This paper studies the effect of cash transfer restrictions on the welfare of recipients in the Kalobeyei refugee settlement in Kenya, a context in which restrictions matter because cash transfers are extra-marginal (they are greater than the amount a household would have otherwise spent on food), and the resale of unrestricted goods (i.e., food items) is costly. The authors assess whether restrictions affect consumer choices, whether recipients comply or circumvent restrictions, and whether restrictions increase or decrease the welfare of recipients.
The Kalobeyei settlement was established in 2016 with the objective of promoting a model for refugee assistance that promotes self-reliance among the refugee and host communities. In 2019, when the research was undertaken, the settlement accommodated around 36,000 refugees. Extreme poverty and food insecurity are widespread in the settlement (73 percent of households in the study were severely food insecure) and dietary diversity is very low.
Since 2016, the World Food Programme (WFP) has been providing a monthly cash transfer to each refugee in the settlement of US$14, restricted to the purchase of food items (excluding alcohol, tobacco, and non-food items). In June 2019, the restriction was lifted for 1,050 households living in one area of the settlement. The authors exploit this quasi-random policy change to assess the impact of cash transfer restrictions.
The analysis is based on a representative survey conducted in November 2019 of a randomly selected sample of 896 South Sudanese refugee households, five months after the first unrestricted cash transfer was made. 525 households received unrestricted cash transfers, and 371 households received restricted cash transfers. The survey collected information on food and non-food expenditure, food consumption, asset ownership, income, remittances, savings and loans, subjective well-being, women’s participation in household decision making, and preferences between the two cash transfer modalities.
- A sizeable resale market exists in Kalobeyei. 70 percent of households receiving restricted cash transfers resold food and 78 percent exchanged food for other goods. Buyers are either the minority of refugees who have an income or the host population.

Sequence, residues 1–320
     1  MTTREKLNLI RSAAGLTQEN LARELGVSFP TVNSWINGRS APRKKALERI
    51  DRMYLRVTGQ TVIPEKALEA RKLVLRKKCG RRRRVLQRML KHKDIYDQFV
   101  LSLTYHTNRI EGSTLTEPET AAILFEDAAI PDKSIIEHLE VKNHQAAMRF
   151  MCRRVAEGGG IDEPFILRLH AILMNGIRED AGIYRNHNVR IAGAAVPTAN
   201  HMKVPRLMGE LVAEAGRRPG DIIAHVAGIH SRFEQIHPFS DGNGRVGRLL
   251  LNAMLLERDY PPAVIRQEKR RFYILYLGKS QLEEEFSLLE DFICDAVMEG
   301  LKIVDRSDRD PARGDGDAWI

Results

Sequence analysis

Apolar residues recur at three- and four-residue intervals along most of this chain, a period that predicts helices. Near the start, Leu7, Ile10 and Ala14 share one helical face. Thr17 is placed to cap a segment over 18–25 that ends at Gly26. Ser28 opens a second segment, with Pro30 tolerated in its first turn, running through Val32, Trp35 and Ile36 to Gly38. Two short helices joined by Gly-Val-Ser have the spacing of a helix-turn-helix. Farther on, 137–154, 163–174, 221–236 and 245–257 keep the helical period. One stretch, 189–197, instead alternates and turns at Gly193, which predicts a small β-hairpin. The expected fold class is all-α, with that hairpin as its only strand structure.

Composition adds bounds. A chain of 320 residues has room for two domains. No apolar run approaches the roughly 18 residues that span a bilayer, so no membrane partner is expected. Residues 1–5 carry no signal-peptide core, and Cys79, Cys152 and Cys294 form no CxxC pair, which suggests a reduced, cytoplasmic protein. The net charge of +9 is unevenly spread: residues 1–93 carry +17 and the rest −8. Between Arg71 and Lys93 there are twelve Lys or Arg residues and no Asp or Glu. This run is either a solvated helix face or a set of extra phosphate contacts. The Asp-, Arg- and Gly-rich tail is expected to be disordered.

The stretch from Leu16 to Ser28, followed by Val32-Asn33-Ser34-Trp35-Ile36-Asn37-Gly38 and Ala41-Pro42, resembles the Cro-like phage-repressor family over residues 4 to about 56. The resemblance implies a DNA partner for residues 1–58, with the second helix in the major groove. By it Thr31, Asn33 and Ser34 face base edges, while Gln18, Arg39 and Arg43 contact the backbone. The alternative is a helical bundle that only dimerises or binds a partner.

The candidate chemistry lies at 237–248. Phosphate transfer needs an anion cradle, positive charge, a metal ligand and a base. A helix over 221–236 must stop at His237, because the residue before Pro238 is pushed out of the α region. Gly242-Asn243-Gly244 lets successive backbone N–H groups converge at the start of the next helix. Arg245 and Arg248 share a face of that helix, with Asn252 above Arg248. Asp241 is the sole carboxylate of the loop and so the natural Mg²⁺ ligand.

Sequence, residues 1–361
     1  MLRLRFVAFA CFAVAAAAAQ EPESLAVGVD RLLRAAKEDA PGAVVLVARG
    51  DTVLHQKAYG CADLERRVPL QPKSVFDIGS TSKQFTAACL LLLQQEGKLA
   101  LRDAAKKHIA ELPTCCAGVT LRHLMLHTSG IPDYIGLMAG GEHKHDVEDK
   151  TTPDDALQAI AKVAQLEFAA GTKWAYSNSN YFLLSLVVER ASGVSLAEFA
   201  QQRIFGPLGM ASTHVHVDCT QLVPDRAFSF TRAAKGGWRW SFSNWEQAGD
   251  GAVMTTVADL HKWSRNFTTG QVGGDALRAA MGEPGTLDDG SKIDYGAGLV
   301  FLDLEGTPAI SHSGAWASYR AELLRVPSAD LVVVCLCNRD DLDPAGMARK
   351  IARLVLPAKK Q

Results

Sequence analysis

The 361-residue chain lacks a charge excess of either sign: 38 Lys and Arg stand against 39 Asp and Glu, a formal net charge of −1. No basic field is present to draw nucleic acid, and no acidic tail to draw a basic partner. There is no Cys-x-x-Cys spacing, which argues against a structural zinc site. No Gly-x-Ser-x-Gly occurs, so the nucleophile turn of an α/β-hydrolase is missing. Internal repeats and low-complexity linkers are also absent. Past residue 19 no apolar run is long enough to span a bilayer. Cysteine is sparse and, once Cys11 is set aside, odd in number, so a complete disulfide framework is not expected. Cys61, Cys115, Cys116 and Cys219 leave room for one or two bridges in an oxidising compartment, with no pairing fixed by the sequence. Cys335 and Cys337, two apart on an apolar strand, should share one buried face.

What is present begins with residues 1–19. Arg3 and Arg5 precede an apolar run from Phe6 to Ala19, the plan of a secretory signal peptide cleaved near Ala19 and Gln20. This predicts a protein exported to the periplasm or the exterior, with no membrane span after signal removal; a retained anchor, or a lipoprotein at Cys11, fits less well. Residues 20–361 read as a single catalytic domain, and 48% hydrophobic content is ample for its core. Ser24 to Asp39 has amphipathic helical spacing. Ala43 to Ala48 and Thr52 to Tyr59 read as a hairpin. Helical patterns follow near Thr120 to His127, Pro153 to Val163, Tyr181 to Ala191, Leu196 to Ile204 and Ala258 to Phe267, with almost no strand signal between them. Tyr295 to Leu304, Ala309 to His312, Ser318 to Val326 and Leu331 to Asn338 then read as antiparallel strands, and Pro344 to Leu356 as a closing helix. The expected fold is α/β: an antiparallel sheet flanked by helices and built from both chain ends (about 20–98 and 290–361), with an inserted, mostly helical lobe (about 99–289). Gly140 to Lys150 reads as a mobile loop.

- Reselling food in the resale market entails a substantial loss for recipient households. Median prices in the resale market are 18 to 38 percent lower than retail market prices, implying that households selling goods incur large losses.
- Households receiving unrestricted cash transfers are less likely to resell food items in the resale market. Households receiving unrestricted cash transfers are 10 percentage points less likely to have resold food items in the month preceding the survey compared to households receiving unrestricted transfers.
- Households receiving restricted cash transfers do not have better nutrition outcomes, but they do have lower non-food expenditure and lower expenditure on temptation goods (alcohol, tobacco, and restaurants). There is also suggestive evidence that households receiving restricted transfers have lower levels of asset ownership and asset purchases.
- Households receiving unrestricted cash transfers report moderately higher levels of subjective wellbeing compared to those receiving restricted cash transfers.
- Household indebtedness attenuates the positive effects of lifting restrictions on the use of cash transfers. Almost 90 percent of refugee households in the sample are indebted, usually because they’ve had to buy food on credit. Effects of lifting the cash transfer restrictions are larger for households that are not indebted to their food retailer enabling them to access cash more easily.
The authors conclude that the switch from restricted to unrestricted cash transfers was welfare enhancing for refugee households. The authors point out that addressing indebtedness is essential to realizing the full potential of unrestricted cash transfers.